Billions of dollars in climate spending have been cut from the bipartisan infrastructure agreement.
Compared with the bipartisan framework announced by the senator and the White House in June, the infrastructure agreement announced yesterday may reduce spending on public transportation and electric vehicles by approximately $20 billion.
The Biden administration called this new expenditure of US$550 billion, the largest single infrastructure investment in the history of the United States. But the lower level of funding may threaten President Biden’s goal of building 500,000 charging stations, if not for his greater ambitions to cut emissions by half by 2030-which scientists say is needed to maintain a safe climate at the lowest limit.
It also increased political pressure on the Democratic Party. With little room for defecting, the party faces internal disagreements between progressives who are shocked by the growing scale of the climate impact and centrists who are cautious about large-scale federal spending or worry about its potential impact on industry.
The deal announced yesterday provides $39 billion in funding for public transportation. Last month, negotiators reached a $49 billion agreement. (Biden initially sought $85 billion.)
Electric school buses were cut to 2.5 billion U.S. dollars. According to a White House fact sheet, the June framework calls for $7.5 billion for “electric buses/transit”. Now, the deal uses $2.5 billion of it for “low-emission” buses, and $2.5 billion of it for ferries (some of which is earmarked for Alaska).
Potential funding for electric vehicle charging stations has been reduced by about half.
Yesterday’s transaction and the June framework call for the same amount of funding for electric vehicle charging infrastructure, or $7.5 billion.
But the White House had planned to use a new “infrastructure financing agency” to spend another $7.5 billion for charging stations. The financing authorization was cancelled in the transaction announced yesterday, leaving the government with no readily available funding alternatives.
This makes Biden’s electric car plan into question. He initially proposed a US$174 billion proposal for his entire electric vehicle agenda, but the government has stated that the framework’s US$15 billion can still achieve his charging goal (Climate line, July 8).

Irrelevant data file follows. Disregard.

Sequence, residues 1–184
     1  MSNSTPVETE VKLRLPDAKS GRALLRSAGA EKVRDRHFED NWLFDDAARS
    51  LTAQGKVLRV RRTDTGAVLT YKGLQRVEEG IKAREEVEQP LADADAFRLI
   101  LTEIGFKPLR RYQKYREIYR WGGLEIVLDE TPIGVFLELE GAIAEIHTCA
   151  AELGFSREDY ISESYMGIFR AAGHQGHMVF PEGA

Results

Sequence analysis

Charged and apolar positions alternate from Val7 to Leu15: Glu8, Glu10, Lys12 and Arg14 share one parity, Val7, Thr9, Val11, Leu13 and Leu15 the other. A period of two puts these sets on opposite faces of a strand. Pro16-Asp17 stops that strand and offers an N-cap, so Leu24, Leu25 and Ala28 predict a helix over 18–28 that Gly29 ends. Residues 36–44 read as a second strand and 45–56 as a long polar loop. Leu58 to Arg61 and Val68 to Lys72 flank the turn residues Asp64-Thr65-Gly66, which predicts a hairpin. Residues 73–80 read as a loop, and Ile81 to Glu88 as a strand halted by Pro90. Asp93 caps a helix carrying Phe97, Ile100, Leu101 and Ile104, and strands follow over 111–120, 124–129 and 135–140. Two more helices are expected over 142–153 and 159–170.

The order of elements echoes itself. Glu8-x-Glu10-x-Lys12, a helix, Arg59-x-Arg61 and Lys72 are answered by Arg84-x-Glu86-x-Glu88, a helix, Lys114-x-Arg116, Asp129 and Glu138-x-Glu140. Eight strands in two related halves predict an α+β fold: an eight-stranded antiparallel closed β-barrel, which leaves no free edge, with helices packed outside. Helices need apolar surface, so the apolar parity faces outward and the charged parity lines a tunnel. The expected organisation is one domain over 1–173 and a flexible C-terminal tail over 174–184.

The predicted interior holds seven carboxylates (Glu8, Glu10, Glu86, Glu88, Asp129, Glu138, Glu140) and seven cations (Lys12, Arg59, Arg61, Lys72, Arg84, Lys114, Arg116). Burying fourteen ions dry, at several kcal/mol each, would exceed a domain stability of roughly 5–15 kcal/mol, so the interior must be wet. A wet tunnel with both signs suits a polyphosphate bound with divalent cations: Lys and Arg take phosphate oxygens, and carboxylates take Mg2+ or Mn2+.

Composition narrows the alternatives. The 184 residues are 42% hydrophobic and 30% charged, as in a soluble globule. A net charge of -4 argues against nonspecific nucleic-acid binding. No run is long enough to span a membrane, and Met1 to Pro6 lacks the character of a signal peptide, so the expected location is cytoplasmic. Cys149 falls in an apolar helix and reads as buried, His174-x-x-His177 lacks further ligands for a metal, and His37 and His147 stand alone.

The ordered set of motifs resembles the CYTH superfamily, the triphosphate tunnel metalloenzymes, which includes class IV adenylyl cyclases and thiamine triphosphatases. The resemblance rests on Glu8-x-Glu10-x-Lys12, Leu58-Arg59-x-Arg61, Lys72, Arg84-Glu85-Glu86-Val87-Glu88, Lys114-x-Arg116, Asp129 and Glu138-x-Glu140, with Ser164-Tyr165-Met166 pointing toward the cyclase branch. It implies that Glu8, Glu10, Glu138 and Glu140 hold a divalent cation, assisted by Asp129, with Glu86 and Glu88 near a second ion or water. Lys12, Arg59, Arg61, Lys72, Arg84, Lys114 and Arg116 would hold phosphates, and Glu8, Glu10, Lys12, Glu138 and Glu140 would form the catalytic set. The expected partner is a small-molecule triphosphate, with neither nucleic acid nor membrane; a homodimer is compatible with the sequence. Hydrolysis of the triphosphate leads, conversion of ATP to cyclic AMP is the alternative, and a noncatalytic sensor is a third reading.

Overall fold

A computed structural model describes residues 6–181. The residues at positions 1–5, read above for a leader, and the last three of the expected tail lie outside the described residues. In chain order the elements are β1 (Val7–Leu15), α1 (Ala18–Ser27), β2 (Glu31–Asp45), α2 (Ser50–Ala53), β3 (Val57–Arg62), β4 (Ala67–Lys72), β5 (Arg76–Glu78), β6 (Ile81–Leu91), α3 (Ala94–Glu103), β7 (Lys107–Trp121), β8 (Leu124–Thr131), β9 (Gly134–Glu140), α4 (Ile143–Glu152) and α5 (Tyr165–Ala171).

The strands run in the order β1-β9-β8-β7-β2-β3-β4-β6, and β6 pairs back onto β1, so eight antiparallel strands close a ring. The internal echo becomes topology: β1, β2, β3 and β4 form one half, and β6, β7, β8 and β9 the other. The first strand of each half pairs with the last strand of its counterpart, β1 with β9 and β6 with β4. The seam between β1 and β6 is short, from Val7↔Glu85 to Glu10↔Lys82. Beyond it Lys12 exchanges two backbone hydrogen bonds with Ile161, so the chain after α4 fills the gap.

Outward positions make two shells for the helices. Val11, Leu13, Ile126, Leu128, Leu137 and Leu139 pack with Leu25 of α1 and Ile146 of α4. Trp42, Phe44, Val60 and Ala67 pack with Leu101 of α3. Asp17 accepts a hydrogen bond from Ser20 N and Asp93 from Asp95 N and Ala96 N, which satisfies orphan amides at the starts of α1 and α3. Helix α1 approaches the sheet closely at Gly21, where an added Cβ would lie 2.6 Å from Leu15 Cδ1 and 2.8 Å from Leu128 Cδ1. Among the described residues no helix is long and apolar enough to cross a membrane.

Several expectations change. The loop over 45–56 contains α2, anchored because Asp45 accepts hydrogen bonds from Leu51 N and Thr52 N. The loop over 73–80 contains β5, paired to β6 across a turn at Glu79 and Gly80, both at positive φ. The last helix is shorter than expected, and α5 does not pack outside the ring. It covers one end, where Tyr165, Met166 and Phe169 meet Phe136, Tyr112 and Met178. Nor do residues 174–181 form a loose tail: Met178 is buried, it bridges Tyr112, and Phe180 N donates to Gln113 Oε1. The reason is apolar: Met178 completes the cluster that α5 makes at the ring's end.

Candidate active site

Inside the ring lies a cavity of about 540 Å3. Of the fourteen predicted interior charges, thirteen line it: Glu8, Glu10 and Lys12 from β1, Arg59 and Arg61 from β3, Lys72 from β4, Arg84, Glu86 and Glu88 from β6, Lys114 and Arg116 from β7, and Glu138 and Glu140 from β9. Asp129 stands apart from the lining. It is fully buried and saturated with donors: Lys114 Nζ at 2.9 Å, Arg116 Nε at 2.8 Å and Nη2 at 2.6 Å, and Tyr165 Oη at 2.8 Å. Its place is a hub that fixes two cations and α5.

After making it the main selling point of the June framework, the White House yesterday avoided mentioning the president’s goal of 500,000 chargers.
“This is the first time that the United States has made a national investment in electric vehicle charging infrastructure. It is a key element of the Biden-Harris administration’s acceleration of the adoption of electric vehicles in response to the climate crisis and supporting domestic manufacturing employment programs,” the White House said in detailing the deal. Said in the fact sheet.
Biden himself remained silent about his charging station goals-even as he talked about a bipartisan infrastructure deal at a Pennsylvania factory that helped make electric dump trucks.
“Right here, in this factory floor, you are making a product [is] Addressing climate change,” Biden said yesterday. “Our manufacturing future, our economic future, and our solutions to the climate crisis will all be manufactured in the United States, creating good job opportunities. This is the meaning of better reconstruction. “
The smaller climate funding of the bipartisan infrastructure agreement may complicate its passage.
Unless Congress also passes trillions of dollars in climate and social project legislation, progressives threaten to undermine the agreement reached between the two parties. Many people have denied the potential of the bipartisan agreement in terms of major decarbonization because its passage depends on Republicans.
However, the feeling that the climate has been shortened may lead progressives to seek more funding for them in the Democratic spending bill, which is already tied to $3.5 trillion. At the same time, the middle party hesitated about the price.
Lauren Monus, the advocacy director of the Sunrise Movement, said in a statement: “Biden and Congress cannot be distracted by this pathetic infrastructure program. It will only further reduce much-needed climate priorities, such as transportation. “.
She added that the Democratic Party’s spending bill “must be strengthened to include priorities that are diluted by this bipartisan package.”
Last night, the bipartisan package removed a key procedural obstacle in the Senate. The Democratic Alliance sees this as a signal that the climate policy battle is about to escalate.
The Coalition to Protect the Voters yesterday held a press conference with Democratic congressional leaders to urge lawmakers to adopt policies that actually meet the climate benchmarks set by scientists.
Tiernan Sittenfeld, LCV’s senior vice president for government affairs, said that the bipartisan bill is not enough.
She said in a statement: “It is clear that this deal did not meet the needs of climate or justice.”
forward from Electronics News With permission from POLITICO, LLC. Copyright 2021. E&E News provides important news for energy and environmental professionals.